When the U.S. House of Representatives approved the Republican tax bill in December, only one New Jersey congressman voted yes.
Now Republican Tom MacArthur is seeking re-election in a state that tax experts say is among the hardest hit by the GOP tax law.
Yet MacArthur has not shied away from his support for the plan.
“Look, I supported it very simply because I believe — and I’ve been proven right — that cutting taxes, leaving more money in families and businesses, is the best way to grow the economy,” he said in an October interview.
It’s still not clear how exactly the law signed by President Donald Trump will play out, but many Americans can expect to see a tax cut, since individual rates are going down. The corporate business tax rate is also the lowest it’s been in decades. MacArthur has touted both of those changes.
But Democrats in New Jersey — and even some Republicans — have bashed MacArthur for his stance on the tax overhaul.
His Democratic opponent, former national security official Andy Kim, has blasted MacArthur in TV ads, including one that proclaims, “Tom MacArthur was the only New Jersey member of Congress who voted to raise your taxes.”
SALT in the wound
Much of the criticism in New Jersey revolves around the law’s new $10,000 cap on state and local tax deductions, known as SALT.
Previously, a New Jersey homeowner could deduct state and local taxes from taxable income, and then pay federal levies on what remained.
Now taxpayers can only deduct up to $10,000, a change that’s irked Garden Staters who pay among the highest property taxes in the country.
MacArthur acknowledged that the law hits high-tax states hardest, but he has claimed that tax cuts and a much larger standards deduction would benefit more New Jerseyans than it would hurt.
“The tax bill is better for Pennsylvania than it is for New Jersey, because Pennsylvania has lower taxes than New Jersey,” MacArthur said. “But it’s still good for New Jersey families.”
That is not the case for Susan Lavine Coleman, who lives in the Philadelphia suburb of Moorestown, New Jersey, where the average property tax bill exceeds $11,000.
Coleman said her property tax bill is “far beyond” the $10,000 cap. And although her individual tax rate will drop this year, she said the new law will still cost her more. “This is, net net, very expensive.”
Coleman, a Democrat, voted for MacArthur in 2016 when he won his second term in Congress.
Over the last two years, though, she has soured on the incumbent. First, because he wrote a controversial amendment to the Republican bill that aimed to repeal the Affordable Care Act. Second, for his “yes” vote on the GOP tax plan.
Coleman has become more politically active since the 2016 election, canvassing for Democrats and setting up a website on MacArthur’s positions. She said she noticed a change in her neighbors, too.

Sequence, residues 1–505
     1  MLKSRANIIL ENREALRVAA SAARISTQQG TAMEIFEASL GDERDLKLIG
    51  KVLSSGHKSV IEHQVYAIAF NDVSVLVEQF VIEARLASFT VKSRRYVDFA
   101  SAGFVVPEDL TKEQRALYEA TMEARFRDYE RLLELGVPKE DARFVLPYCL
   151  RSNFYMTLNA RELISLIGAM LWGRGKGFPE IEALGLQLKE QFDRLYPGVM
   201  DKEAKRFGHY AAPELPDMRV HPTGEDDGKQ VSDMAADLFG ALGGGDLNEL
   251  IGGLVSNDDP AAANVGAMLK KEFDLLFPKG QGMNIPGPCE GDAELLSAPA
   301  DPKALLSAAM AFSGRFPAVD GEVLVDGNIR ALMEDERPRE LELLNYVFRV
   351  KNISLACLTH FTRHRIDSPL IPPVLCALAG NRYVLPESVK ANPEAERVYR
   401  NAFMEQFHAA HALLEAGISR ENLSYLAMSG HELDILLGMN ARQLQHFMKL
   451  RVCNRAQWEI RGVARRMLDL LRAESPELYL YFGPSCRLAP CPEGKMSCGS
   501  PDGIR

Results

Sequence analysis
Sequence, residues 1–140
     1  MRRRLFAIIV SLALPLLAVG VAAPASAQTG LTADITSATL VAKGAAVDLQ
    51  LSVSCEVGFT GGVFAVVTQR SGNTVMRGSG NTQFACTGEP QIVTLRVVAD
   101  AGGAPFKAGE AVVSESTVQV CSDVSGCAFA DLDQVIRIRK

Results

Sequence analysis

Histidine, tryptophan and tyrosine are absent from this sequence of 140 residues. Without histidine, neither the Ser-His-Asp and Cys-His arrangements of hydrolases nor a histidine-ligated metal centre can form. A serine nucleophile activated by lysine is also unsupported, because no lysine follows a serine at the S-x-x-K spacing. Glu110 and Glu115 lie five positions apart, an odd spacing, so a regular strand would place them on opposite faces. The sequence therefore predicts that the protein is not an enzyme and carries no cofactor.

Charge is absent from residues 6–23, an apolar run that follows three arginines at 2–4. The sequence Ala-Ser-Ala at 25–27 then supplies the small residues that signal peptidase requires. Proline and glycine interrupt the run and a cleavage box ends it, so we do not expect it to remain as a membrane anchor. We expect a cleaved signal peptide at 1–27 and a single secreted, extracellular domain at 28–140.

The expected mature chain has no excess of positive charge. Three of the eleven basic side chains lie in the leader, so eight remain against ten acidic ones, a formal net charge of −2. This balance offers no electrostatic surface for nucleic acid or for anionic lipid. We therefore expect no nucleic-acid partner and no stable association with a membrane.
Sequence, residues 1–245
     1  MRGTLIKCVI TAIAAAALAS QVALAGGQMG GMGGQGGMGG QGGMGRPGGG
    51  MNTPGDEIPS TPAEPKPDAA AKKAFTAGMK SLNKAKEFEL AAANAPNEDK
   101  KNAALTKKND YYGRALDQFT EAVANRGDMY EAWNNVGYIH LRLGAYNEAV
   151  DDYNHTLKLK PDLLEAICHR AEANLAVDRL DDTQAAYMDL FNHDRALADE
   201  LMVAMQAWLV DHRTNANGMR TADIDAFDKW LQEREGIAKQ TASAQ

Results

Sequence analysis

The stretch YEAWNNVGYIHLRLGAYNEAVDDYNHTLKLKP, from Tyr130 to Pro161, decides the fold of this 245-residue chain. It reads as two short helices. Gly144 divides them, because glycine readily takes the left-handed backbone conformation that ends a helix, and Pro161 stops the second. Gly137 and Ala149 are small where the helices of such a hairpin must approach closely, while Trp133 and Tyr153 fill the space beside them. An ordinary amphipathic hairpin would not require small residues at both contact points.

“What I’m seeing is these people, who were generally Republicans although I’m assuming most of them were centrists, are just feeling like their congressman has flushed them down the toilet, is just not looking out for them anymore,” she said.
The nonpartisan Tax Policy Center estimated that about 10 percent of New Jerseyans will see their taxes go up as a result of the law, the most of any state.
That is in part due to the cap on SALT deductions, which some housing analysts say is also hurting property values.
Yet scores of New Jerseyans will see lower tax bills this year, finding themselves in tax brackets with lower rates or being able to take advantage of increased deductions and tax credits.
More than half of 3rd District taxpayers take the standard deduction, which doubled under the new law, on their federal taxes. The child tax credit doubled, as well.
Republican leaders including MacArthur say the country is already feeling the positive effects of the tax cuts, pointing to booming job growth. They reference instances such as New Jersey-based Quest Diagnostics announcing it would give out bonuses to employees as a result of the tax changes.
All evidence, according to MacArthur, indicates he made the right decision.
“Look, I don’t relish being alone on any vote, but I didn’t go to Congress for other people to tell me how to vote,” he said during a debate on NJTV this week. “I vote my conscience, I spent my life in business, and when I look at these tax cuts, I see something that is going to grow our economy.”
A spokesman for Kim said he believes the country needs “tax reform that benefits middle-class families and restores state and local tax deductions,” adding that the Democrat would seek a “bipartisan” tax overhaul.
Whether voters in the 3rd District are thrilled or upset about the Republican tax law, it’s clear that they are at least thinking about it.
A recent Stockton University poll found that, among likely voters in the district, taxes were the No. 1 issue.
The same poll found that MacArthur and Kim, after months of attack ads and tense debates and political spending, were locked in a statistical tie.